These more visual means of interaction, however, have already been vocabularised. Think of it as the reverse effect of long-time PC users trying to get their head around a Mac. Deschamps-Sonsino gives the example of Microsoft Surface, whose zoom function required two fingers from both hands, pulling apart from each other. Unfortunately, demonstration devices resulted in confusion among the public, who were already used to Apple's pinch/pull method of zooming – resulting in Microsoft having to cater for it. Where the new frontier lies is in gesture-based gaming, and Deschamps-Sonsino starts with the story of the Wii controller. "That was a little revolution - that you didn't have to sit there with your controller where both of your hands were busy; you could sit on the couch and do nothing. There could be another way. This is a third area - where there is nothing there. The right games and social context are to play a bigger role than before, because if you're in your living room and it's packed with kids on a Saturday afternoon, it's still OK to have a PS3 controller and just play a game on the television. To bounce around in the living room becomes a little more embarrassing - because it's unclear, unless everybody's involved, what it is that you're doing. You're either fooling around, or you're having to say that you're playing a game on the TV on your own, because the difference between fooling around and playing a game becomes invisible." This makes the social context and implications of gesture-based gaming extremely important: because users are not actually holding a controller any more, there is currently no widely-understood visual signifier to suggest that a game is being played. Perhaps, over the next few years, people will start to rediscover the usefulness of the curtains at their front room window.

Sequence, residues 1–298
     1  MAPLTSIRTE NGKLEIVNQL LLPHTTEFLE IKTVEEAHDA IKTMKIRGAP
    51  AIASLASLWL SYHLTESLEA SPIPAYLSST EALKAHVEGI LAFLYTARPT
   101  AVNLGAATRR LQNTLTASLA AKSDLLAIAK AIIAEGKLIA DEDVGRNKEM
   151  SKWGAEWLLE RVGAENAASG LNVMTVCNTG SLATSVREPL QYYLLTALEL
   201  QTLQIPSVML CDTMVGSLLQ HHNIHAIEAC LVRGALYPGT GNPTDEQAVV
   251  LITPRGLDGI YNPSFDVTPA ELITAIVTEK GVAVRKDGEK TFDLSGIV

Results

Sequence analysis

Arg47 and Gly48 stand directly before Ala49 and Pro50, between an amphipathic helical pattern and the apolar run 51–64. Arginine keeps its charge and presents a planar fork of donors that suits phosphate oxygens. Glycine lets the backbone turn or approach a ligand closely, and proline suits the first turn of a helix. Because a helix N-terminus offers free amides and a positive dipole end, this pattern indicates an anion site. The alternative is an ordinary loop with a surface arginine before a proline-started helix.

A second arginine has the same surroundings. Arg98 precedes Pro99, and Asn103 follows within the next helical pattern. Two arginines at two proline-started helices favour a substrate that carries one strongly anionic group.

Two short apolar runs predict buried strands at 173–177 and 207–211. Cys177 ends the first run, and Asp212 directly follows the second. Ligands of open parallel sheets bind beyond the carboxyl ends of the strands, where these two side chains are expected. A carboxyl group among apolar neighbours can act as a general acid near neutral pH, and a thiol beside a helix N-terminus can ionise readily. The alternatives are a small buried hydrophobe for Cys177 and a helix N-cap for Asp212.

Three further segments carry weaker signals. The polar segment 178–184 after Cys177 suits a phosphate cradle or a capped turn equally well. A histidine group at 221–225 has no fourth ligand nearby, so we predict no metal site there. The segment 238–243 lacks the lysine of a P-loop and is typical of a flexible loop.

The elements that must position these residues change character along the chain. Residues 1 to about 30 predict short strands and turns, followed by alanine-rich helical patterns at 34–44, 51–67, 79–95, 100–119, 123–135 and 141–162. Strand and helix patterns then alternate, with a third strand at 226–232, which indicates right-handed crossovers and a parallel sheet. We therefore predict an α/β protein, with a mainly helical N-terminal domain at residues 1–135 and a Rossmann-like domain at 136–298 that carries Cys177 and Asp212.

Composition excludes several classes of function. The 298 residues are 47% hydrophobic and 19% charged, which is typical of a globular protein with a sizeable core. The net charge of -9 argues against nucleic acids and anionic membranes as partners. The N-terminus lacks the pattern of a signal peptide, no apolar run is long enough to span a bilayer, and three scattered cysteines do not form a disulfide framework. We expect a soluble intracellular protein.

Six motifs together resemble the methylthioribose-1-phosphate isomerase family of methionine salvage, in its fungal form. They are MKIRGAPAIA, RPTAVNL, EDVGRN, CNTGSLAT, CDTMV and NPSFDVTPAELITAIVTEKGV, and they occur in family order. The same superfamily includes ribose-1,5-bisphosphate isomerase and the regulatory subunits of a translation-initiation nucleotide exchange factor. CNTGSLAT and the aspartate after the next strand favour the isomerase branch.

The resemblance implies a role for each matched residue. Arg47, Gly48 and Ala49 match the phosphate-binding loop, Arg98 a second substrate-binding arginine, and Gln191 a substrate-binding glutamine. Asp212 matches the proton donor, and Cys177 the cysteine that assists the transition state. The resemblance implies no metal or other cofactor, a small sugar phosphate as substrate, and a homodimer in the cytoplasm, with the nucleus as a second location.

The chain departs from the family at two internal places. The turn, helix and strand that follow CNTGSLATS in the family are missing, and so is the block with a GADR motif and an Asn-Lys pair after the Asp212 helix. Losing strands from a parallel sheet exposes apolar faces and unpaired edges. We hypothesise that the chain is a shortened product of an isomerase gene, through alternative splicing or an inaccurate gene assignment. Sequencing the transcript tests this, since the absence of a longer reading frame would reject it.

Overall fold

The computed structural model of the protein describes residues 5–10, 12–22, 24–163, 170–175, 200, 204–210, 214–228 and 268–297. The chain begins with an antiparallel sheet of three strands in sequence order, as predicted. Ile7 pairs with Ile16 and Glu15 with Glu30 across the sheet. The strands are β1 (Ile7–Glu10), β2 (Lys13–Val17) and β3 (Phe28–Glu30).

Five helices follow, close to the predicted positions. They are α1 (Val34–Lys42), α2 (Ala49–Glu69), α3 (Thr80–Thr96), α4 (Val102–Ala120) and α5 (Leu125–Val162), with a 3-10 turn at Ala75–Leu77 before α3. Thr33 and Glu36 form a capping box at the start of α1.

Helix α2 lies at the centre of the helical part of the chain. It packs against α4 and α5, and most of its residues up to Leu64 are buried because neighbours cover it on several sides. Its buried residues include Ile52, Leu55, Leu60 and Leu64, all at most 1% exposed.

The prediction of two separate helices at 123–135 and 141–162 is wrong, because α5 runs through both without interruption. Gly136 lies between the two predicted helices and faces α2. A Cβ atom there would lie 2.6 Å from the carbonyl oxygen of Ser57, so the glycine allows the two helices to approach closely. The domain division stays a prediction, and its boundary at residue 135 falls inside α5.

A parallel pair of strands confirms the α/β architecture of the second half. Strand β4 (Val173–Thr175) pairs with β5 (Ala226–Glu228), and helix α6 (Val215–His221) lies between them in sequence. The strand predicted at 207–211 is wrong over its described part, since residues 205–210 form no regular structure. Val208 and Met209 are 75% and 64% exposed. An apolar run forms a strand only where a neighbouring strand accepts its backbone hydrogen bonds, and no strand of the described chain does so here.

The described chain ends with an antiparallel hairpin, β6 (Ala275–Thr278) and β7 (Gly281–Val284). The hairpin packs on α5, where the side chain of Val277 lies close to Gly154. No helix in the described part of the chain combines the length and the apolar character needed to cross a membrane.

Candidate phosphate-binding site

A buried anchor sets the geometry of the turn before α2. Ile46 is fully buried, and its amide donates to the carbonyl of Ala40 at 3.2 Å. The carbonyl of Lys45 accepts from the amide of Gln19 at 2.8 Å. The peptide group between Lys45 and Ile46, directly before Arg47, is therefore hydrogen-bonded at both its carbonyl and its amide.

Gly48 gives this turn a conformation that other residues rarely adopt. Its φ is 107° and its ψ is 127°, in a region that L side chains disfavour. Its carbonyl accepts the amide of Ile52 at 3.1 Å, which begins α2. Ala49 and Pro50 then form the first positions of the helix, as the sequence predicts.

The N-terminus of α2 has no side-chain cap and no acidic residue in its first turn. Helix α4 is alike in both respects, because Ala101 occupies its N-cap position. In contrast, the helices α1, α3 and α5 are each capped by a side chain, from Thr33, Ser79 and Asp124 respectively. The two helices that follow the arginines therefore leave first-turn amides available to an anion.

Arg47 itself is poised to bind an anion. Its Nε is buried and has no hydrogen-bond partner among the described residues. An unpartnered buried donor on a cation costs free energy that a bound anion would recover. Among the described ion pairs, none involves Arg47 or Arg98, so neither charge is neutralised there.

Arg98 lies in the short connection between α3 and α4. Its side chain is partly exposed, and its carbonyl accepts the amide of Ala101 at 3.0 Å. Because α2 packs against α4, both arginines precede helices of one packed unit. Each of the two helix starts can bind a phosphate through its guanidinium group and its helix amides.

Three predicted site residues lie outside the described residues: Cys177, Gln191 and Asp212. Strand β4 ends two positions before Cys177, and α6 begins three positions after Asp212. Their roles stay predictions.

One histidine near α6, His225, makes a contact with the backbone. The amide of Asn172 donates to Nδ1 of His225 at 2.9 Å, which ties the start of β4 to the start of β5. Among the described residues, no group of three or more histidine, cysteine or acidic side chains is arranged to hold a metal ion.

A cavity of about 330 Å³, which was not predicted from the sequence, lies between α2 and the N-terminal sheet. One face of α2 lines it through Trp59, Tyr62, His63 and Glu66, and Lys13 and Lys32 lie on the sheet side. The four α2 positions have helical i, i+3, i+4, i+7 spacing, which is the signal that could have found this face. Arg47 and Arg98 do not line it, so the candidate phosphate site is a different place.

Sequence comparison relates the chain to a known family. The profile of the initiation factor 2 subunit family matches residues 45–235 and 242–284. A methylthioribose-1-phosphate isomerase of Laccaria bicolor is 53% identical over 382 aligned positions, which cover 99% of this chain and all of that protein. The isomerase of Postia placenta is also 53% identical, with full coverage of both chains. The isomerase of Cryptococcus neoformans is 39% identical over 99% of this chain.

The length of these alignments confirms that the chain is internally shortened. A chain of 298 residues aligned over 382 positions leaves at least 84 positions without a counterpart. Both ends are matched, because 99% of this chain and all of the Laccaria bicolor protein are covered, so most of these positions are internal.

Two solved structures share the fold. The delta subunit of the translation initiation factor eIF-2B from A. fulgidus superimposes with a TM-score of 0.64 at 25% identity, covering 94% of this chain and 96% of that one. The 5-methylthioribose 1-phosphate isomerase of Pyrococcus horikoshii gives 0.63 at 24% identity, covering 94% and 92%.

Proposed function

While this new visual language currently makes it difficult to understand what is happening, it also presents opportunities in terms of friction. Scenarios might change based on how the player is behaving; a level could become more difficult if the user is not moving enough – and if they are straining too much, that interaction could slow down. As Deschamps-Sonsino says, these "Tiny bits of interaction can become sensitive to their environment, and sensitive to people - and how people respond to things."

There is a further, and perhaps rather overlooked, point in gesture-based gaming: the cultural perception of "Invited space". People speaking very loudly on a mobile phone feels uncomfortable in one culture, and acceptable in another. The same culturally-specific approach could be true of a broader shift to non-physical interaction. "Every single country will have their ways of understanding what's happening, and their ways of dealing with it, accepting it, fighting against it. Switching on your phone's speaker while playing music on the bus is something that you would accept kids to do, but you would be completely bewildered if someone else did that. The things you're expected not to do as you grow older, change all the time. So, while the kids have a boom-box mobile phone, will they accept that from the kids in 10 years' time - because they will all be about voice-based control: yelling at things, instead of having to move at all."

 

Computers and blues

In addition to her freelance work, Deschamps-Sonsino is also an ambassador for LIREC, a European Union-funded research project on how we could live with digital and interactive companions. The project concerns both the physical and emotional implications of such a setting.